Yesterday at ASC, I went to see the Renaissance Run of the 2010/2011 Restless Ecstasy touring troupe’s production of As You Like It. The Renaissance Run, or Ren Run as it is generally referred to, is essentially the first rehearsal for a play at ASC. First, the actors come together and, having already memorized their lines, create a playable version of the show without the oversight of the director, in less than ten hours. The actors then perform their version for the director and a small audience, and this performance constitutes the Ren Run. The Ren Run has an exciting quality to it in that it is not perfectly polished theatre; the actors can, and do, call for lines with a request of “prithee,” and it seems that anything can happen. In my case, an actor gave me a line to contribute, but realized once I had spoken that it was the wrong line and quickly corrected it.
I was particularly excited to be seeing As You Like It, because the theatre department at my college produced the show this past spring, and I was eager to have a point of comparison. The ability with which the actors handled the text struck me the most; even if using an accent, every actor spoke with a confidence that indicated how well they understood their lines. By contrast, the actors in my school’s production did not always grasp the meaning of what they said, even if they said it perfectly. Since the director chose to place the Forest of Arden in a slum outside of Mexico City, some of their lines were in Spanish, which may have contributed to their confusion. The dialogue seemed so rich when performed by the trained actors at ASC.
Other aspects that intrigued me included the music and the choreography. Given the short period of time in which the actors rehearsed the play, these two elements greatly impressed me. The wrestling match between Orlando and Charles in the first few scenes of the play came off well considering that the actors had only the one rehearsal to stage it, on top of staging the rest of the play. Though the fight lacked a gripping quality at the time, it looked like a great starting point, and I’m sure that with more rehearsal and a little direction, it will have the audience on the edge of their seats.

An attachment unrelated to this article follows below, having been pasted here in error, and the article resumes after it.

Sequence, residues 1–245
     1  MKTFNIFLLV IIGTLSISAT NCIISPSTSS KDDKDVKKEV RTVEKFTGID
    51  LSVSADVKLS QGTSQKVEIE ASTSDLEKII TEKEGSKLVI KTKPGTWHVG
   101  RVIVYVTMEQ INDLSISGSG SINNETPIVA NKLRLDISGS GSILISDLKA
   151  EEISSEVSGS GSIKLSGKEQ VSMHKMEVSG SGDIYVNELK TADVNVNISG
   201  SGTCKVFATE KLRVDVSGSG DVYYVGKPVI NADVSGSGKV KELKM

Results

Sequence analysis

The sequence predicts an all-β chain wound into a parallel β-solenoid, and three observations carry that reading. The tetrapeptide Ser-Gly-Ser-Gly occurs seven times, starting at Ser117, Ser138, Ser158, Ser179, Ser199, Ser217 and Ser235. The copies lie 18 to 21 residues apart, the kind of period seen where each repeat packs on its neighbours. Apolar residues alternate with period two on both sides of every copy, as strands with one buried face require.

More than the choreography, I found the music very enthralling. The amount and quality of the songs bespoke of the talent of the actors. In addition to blocking and working the entire play during their one rehearsal, the actors also compiled the music. For someone who is not musically talented, this feat seems unmanageable, but the actors pulled it off as if they had rehearsed their songs for weeks. If there were any slip-ups, I never noticed. This combined with the actors’ comfort with their blocking and the verse made for a delightful experience.
Even though the actors didn’t get every line, I found the Ren Run to be a truly enjoyable piece of theatre. The actors never allowed a dull moment; they kept the audience engaged and entertained throughout. Bearing in mind what I saw at the Ren Run, it strikes me that great theatre does not require any airs and graces, but can be created with the simplest methods. As long as the actors clearly have a good time performing, the audience will have a great time watching them. I would have paid to see yesterday’s performance; I had that great a time. How fortunate, then, that ASC offers an entire season based on the same idea as the Ren Run, where actors own the process and produce plays in a similarly short period of time. I will definitely be coming back for more.